There’s some chat about this on the talk page from the 2017 rework of this proposal, but no resolution.

If highway=trailhead is approved as a node-only tag, the ways currently bearing this tag will suddenly be out-of-spec. Personally, I’d rather this didn’t happen, so I’d suggest broadening the proposal to include closed ways. Failing that, the text should include some rationale for prohibiting areas, and alternative mapping recommendations.

I don’t think that approval of the node mapping prohibits anything, and I have mentioned this usage in the proposal, but if we agree that the proposal should explicitly cover this existing usage, it’s fine with me.
Do you have a text suggestion, or do you want to add the change yourself?

I went to add the text … and it was already there! Don’t know how I missed it.

Applies to: Some users tag an area as highway=trailhead.
How to map: Some mappers apply the tag to a way or an area representing the trailhead.

Thanks & sorry for the distraction :wink:

No problem! The applies-to icon shows only a node, so if there are no objections the way icon could be added.
Whether or not the closed way is an area: I suspect some mappers will add area=yes, which some renderers then will ignore. Maybe best to avoid that can of worms.

No @Peter_Elderson, I think you wrongly changed that Tag:highway=trailhead - OpenStreetMap Wiki

It using it on area (AKA closed way) is acceptable, then it should be


and not the other way around as you did. onWay=yes is for non-closed ways, e.g. highway=motorway. Closed way that is not an area must be something like race track or roundabout – which is really a way but which just happen to go in circular way and finishes where it started.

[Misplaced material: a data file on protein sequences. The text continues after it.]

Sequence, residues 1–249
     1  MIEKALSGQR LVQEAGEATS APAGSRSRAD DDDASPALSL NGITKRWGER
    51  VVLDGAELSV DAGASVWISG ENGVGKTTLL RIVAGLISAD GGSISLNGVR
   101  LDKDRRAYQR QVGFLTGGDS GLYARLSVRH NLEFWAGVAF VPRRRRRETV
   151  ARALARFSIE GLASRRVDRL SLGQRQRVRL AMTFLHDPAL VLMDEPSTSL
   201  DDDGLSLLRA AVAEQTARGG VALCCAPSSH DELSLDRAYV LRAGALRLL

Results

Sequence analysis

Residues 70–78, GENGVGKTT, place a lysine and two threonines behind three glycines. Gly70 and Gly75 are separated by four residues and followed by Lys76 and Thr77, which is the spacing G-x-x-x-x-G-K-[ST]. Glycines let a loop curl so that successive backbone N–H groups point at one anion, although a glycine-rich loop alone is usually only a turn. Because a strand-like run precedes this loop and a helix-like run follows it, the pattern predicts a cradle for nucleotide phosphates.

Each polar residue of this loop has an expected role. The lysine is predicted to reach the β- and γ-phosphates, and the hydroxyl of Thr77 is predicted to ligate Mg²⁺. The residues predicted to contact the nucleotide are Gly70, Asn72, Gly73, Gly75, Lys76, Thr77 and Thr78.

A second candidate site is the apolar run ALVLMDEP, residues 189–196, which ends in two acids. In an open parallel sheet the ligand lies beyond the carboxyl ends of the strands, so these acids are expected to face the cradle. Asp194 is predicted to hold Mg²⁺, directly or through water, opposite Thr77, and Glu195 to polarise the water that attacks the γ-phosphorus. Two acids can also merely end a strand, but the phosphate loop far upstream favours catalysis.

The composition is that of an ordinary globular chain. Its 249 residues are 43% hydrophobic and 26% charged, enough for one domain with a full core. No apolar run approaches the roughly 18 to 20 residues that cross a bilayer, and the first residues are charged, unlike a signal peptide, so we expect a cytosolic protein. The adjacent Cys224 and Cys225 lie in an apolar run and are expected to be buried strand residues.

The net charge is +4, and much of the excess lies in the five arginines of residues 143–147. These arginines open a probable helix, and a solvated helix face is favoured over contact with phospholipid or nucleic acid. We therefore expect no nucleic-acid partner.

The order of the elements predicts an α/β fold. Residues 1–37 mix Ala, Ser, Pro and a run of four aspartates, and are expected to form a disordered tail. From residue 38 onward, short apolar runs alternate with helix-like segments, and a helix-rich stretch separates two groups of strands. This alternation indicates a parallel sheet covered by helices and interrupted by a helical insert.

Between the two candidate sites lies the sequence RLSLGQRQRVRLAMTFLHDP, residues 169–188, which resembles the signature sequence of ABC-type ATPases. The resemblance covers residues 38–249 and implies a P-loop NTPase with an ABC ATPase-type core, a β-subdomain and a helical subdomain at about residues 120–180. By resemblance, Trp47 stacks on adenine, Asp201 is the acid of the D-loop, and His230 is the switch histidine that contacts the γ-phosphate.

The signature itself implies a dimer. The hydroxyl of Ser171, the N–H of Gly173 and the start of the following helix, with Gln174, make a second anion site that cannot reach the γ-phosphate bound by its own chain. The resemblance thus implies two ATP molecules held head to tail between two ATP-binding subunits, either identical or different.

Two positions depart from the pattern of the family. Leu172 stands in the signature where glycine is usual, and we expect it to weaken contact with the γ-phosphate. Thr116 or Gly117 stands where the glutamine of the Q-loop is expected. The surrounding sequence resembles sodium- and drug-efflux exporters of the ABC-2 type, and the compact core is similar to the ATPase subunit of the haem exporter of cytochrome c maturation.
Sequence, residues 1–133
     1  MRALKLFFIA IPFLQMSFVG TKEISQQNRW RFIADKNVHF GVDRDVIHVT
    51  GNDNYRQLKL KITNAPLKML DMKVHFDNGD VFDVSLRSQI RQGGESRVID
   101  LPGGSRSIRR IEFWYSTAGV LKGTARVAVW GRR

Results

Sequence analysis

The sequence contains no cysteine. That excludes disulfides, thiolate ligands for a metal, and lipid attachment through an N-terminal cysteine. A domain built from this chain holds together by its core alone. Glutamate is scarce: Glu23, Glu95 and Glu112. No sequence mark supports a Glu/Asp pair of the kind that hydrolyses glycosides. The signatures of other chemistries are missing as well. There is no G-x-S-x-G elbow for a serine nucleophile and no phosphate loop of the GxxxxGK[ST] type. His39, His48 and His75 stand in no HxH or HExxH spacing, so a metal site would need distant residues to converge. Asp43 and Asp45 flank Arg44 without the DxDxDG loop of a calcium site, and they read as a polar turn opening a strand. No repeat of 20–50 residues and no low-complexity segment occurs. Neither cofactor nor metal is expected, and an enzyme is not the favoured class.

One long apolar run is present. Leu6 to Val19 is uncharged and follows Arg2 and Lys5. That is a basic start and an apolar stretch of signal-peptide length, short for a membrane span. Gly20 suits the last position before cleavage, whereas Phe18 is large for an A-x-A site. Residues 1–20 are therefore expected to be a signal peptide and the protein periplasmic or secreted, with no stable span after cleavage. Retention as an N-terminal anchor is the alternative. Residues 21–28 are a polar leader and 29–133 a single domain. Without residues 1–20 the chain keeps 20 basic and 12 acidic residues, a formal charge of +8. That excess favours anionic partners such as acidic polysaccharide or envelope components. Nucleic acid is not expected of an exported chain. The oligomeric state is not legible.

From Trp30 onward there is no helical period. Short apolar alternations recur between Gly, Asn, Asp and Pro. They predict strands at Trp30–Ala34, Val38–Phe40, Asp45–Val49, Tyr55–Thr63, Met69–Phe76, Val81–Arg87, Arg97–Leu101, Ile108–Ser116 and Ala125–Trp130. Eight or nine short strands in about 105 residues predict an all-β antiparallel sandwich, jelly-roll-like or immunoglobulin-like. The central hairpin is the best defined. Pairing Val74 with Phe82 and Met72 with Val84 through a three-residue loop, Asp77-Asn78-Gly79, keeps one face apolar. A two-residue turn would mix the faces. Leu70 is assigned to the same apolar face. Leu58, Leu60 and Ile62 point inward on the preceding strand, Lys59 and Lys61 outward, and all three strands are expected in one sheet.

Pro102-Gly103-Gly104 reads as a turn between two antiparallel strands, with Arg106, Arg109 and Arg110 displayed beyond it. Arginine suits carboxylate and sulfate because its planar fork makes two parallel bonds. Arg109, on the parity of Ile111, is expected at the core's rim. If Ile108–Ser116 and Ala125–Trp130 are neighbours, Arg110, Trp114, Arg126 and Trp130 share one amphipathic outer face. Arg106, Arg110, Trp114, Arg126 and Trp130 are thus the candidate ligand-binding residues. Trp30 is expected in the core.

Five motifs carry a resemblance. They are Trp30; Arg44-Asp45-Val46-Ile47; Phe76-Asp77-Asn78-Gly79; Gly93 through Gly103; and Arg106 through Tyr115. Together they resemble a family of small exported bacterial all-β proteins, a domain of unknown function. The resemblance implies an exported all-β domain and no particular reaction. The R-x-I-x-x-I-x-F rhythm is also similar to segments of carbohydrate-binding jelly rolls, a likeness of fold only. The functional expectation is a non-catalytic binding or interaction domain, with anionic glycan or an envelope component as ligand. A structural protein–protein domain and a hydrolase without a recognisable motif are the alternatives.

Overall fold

That does not seem to be the case for any of the dozens of random samples of highway=trailhead at overpass turbo – they seem to be regular areas, often shared with other areas (like amenity=parking)

So, the wiki should be corrected (either reverted so it only applies to nodes - as there are only 90 of non-node cases worldwide), or (better?) fixed so it applies on closed ways instead of open ways (e.g. onWay=no + onArea=yes)

Thanks for pointing that out, you are right. The wiki should reflect the actual usage and the status in the infobox. I have corrected the entry, and a few words in the text to match it.

A look locally finds a few other odd combinations - a gazebo, an artwork, a locality (though that last one just looks like a bit of “tagging so that something appears on OSM Carto”).

There are also what seems to be a few pockets of misuse** - possibly because “trailhead” isn’t really a British English concept - you won’t see any reference to a “trailhead” for the Pennine Way here, even though it has a very well established start and end.

** for the avoidance of doubt, just because a few people misunderstand a tag it isn’t a reason to say that “everyone else should not use that tag” - most people (even where it’s not a regular part of the local language) are able to work out what a “trailhead” is.